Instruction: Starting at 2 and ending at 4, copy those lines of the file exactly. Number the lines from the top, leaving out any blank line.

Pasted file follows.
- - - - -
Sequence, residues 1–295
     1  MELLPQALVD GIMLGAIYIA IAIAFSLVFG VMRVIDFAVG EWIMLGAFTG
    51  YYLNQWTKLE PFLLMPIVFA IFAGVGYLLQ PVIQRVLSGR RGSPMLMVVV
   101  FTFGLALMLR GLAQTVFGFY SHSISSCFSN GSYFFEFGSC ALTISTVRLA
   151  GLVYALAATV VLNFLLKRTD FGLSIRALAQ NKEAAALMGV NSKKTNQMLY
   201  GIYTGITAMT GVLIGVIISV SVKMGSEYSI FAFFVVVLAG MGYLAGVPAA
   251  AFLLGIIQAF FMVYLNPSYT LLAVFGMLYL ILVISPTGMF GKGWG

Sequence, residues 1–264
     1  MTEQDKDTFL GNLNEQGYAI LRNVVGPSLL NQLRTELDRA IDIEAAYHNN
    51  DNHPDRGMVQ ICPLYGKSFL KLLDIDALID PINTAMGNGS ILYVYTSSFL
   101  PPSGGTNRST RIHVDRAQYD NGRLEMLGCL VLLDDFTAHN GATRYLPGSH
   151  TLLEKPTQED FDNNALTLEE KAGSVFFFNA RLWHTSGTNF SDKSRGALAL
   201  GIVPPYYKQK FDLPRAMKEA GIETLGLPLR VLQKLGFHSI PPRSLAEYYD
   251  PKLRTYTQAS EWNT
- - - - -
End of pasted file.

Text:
     1  MELLPQALVD GIMLGAIYIA IAIAFSLVFG VMRVIDFAVG EWIMLGAFTG
    51  YYLNQWTKLE PFLLMPIVFA IFAGVGYLLQ PVIQRVLSGR RGSPMLMVVV
   101  FTFGLALMLR GLAQTVFGFY SHSISSCFSN GSYFFEFGSC ALTISTVRLA